“There was a ‘Tosca’ performance,” Ms. Millo recalled, “and I left the stage, and I fully expected to see the Palazzo Farnese when I went through the door. I was truly there.”

She had triumphs through the Verdi canon — “Don Carlo,” “Il Trovatore,” “Aida,” “Otello,” “Un Ballo in Maschera,” “Luisa Miller” — as well as in “Tosca” and “Andrea Chénier.”

She starred in the Met premiere of Verdi’s “I Lombardi” in 1993, a run she points to as perhaps the start of her troubles. A deviated septum temporarily changed her hearing, making her, she said, “uncharacteristically cautious” and leading to rumors of vocal problems. A “Mefistofele” in 1999, canceled at the last minute when she had acid reflux after drinking lemonade, made her seem unreliable.

“And then we run into ‘You’re not glamorous enough,’ and I got heavy,” Ms. Millo said, fearing there was no place for her in an operatic culture increasingly focused on HD cinema broadcasts. She grew perilously indecisive about engagements.

“She is like every gifted artist: full of issues, full of fears,” Mr. Epstein said. “Aprile is gripped by fear, and it is very hard for her to get past it.”

Which is not to say she has been silent. She has given master classes and been generous with guidance for young singers, and has appeared in concert here and there. Mr. Gelb, who started at the Met in 2006, said, “Over the course of my tenure, I’ve received an occasional email from her, that she’s working toward getting back to singing and she’ll let me know when she’s ready.”

Is she?

“I feel that there’s still opera in her,” said Robert Lombardo, a veteran artist manager. “I don’t think she’s going to go out there and sing Giselda” — in “I Lombardi” — “but there are roles she can certainly get into the voice, and it depends on her will and how much she wants to do.”

He mentioned Cilea’s “L’Arlesiana,” and “Andrea Chénier.” “I think she still has a couple of miles left in her to do it the right way,” he said.

Mr. Gelb is more doubtful. “I think it’s unlikely,” he said, “given the length of time she’s been away and that she hasn’t been singing on major stages. But nothing’s impossible.”

“If she were to suddenly have the goods vocally to sing on the stage of the Met,” he added, “we would put her on the stage of the Met.”

And that is where Ms. Millo wants to be. “I would like to salute that house one more time,” she said. “Because it has great spirits and a need for something that is a little bit demented.”

“I don’t want it to end with: ‘She was great and she was on the scene; where’d she go?’” she added. “I want to end nicely. I want to have a good last act. The first act was so good; it would be nice to have a good last act.”

https://www.nytimes.com/2019/01/29/arts ... ankel.html

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Re: Aprile Millo NYTimes article

Post by maestrob » Wed Jan 30, 2019 7:32 am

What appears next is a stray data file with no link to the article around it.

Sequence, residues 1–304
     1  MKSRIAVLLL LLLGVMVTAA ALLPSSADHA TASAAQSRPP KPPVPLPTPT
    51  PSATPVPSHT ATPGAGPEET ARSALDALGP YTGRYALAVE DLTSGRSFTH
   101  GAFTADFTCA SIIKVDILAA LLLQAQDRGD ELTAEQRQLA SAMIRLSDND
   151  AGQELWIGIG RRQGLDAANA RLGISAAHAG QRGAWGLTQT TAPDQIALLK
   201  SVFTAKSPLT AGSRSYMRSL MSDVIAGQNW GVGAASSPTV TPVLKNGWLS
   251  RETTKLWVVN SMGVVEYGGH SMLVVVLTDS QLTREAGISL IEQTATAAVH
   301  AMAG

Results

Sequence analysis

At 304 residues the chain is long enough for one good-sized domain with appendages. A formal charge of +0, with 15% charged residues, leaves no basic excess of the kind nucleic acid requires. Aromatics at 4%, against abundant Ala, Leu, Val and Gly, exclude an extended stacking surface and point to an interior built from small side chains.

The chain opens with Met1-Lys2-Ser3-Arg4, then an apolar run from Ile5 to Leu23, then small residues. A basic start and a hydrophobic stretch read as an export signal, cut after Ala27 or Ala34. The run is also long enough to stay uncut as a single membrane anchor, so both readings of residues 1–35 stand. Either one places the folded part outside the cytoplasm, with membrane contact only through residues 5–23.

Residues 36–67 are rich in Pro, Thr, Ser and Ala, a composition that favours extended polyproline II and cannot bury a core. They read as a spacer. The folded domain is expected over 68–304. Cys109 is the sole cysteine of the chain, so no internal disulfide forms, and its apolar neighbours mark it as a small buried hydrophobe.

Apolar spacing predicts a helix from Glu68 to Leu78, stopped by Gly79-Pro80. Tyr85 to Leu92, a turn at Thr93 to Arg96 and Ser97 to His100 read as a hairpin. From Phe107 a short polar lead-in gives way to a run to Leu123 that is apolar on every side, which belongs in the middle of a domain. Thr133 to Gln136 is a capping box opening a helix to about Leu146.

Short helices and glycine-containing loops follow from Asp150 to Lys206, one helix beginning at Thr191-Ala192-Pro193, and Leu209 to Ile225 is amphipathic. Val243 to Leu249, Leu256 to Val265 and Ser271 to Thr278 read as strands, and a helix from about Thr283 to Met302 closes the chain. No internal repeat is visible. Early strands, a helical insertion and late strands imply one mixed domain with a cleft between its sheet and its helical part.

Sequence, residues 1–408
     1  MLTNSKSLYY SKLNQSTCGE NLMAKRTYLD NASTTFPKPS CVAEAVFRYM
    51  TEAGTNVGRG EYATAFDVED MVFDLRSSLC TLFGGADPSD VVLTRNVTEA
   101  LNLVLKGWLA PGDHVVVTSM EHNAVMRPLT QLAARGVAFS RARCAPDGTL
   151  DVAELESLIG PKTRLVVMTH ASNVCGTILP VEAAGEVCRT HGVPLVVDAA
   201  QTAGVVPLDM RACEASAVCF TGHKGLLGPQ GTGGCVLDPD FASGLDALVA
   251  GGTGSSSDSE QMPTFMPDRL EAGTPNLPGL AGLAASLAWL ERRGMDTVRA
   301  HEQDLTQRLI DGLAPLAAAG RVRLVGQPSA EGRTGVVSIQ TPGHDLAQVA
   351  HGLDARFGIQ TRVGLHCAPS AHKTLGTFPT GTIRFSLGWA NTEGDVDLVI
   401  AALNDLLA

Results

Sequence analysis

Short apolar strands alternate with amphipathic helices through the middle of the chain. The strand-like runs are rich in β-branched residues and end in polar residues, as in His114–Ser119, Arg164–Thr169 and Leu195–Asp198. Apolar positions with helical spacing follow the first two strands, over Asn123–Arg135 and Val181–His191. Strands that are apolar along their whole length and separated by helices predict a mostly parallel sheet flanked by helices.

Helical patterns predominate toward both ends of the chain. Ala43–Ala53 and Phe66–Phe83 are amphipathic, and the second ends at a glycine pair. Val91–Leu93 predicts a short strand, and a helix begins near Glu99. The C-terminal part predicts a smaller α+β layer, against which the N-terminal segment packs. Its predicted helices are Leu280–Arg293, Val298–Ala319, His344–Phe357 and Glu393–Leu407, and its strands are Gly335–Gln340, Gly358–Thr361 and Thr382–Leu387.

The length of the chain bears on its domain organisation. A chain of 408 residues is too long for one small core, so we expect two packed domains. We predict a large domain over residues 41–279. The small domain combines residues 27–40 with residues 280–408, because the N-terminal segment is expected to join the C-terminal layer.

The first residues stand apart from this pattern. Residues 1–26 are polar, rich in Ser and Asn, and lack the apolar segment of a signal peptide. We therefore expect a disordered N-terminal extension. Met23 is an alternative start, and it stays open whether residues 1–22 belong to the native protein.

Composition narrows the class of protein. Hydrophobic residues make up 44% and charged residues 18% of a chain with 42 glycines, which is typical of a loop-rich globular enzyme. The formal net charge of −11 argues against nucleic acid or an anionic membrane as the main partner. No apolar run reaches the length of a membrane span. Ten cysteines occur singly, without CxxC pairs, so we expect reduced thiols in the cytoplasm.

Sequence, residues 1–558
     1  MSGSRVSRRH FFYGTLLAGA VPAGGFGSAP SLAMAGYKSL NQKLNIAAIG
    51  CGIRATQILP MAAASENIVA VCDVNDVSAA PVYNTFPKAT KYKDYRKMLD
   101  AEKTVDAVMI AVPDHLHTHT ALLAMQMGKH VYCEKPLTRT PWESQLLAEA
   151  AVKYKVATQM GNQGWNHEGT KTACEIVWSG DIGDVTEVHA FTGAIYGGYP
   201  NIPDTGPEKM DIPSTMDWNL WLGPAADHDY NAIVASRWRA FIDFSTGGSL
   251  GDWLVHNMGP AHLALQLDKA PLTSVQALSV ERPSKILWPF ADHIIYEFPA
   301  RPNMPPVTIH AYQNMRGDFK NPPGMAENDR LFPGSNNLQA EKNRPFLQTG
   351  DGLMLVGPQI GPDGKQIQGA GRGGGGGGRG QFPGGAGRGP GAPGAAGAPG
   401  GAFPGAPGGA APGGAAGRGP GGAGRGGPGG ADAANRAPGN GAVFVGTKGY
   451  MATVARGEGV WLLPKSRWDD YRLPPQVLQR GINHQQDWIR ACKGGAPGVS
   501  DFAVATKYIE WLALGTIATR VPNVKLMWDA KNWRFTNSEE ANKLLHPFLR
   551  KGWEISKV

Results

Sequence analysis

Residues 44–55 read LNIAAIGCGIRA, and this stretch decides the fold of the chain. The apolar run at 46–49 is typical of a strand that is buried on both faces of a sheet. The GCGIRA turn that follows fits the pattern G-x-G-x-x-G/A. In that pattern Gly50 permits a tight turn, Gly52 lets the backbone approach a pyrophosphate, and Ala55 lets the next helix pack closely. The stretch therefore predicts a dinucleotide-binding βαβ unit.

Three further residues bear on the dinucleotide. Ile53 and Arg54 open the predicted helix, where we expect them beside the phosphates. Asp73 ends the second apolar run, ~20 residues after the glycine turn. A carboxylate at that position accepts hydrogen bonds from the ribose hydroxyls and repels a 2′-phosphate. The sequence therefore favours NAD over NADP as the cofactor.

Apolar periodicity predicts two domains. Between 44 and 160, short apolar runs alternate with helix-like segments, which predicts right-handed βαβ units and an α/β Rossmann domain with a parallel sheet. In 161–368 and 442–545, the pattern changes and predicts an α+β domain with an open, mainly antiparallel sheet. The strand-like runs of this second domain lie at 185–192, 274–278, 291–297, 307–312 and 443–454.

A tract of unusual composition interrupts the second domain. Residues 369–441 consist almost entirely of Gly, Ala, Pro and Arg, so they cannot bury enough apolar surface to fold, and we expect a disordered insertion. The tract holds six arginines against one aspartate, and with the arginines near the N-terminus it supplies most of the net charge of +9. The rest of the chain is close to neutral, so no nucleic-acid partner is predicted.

IIRC, in 2000 or 2001, Millo was scheduled to sing the triumphal scene from Aida with the Richard Tucker Gala in Lincoln Center, and a singer (Lisa Daltirus) who had just won my competition and sung the same music with La Selva in Carnegie Hall was in the audience when Millo canceled at the last minute, not sure of her high C. Daltirus was quickly put in place and sang Aida triumphantly to rave reviews: a big break which led her to other opportunities, and a continuing career!

Millo has always been a favorite performer: I still have her debut album somewhere. Wish we could be at her recital to cheer her on!

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Re: Aprile Millo NYTimes article

Post by lennygoran » Sat Feb 02, 2019 8:01 am

maestrob wrote:
Wed Jan 30, 2019 7:32 am
Millo has always been a favorite performer: I still have her debut album somewhere. Wish we could be at her recital to cheer her on!
Brian a followup-Barone and Woofle discuss her performance.



Review: Aprile Millo Keeps Opera’s Old-School Flame Alive

By Joshua Barone and Zachary Woolfe

Jan. 31, 2019

Irish folk songs, princess gowns, a harp and 20 bouquets: The soprano Aprile Millo’s concert on Wednesday at Zankel Hall, her first solo program in New York in 10 years, had it all, and then some.

Ms. Millo, 60, who has rarely sung in public recently, says she still has her heart set on a return to the Metropolitan Opera, where she was among the reigning Verdi singers of the 1980s and ’90s. So this was something of a trial run, and for the raucously adoring audience it was an exposure to an artist — beloved as a keeper of the old-fashioned flame of Italian opera — that most people at Zankel hadn’t heard live in years.

[Can the diva who once ruled the Met make a comeback?]

Joshua Barone and Zachary Woolfe, two of our classical music critics, were at the event, presented by New York City Opera, and they compared notes on the unique experience.

WOOLFE So this wasn’t your average song program.

BARONE I couldn’t tell whether I was at a rock concert or a recital, with the cheers of “Millo, Millo!” and “We love you, Aprile!” It began with a rose thrown to the stage, and I counted no fewer than five standing ovations from her (very vocal) fans throughout the night. What throwback glamour!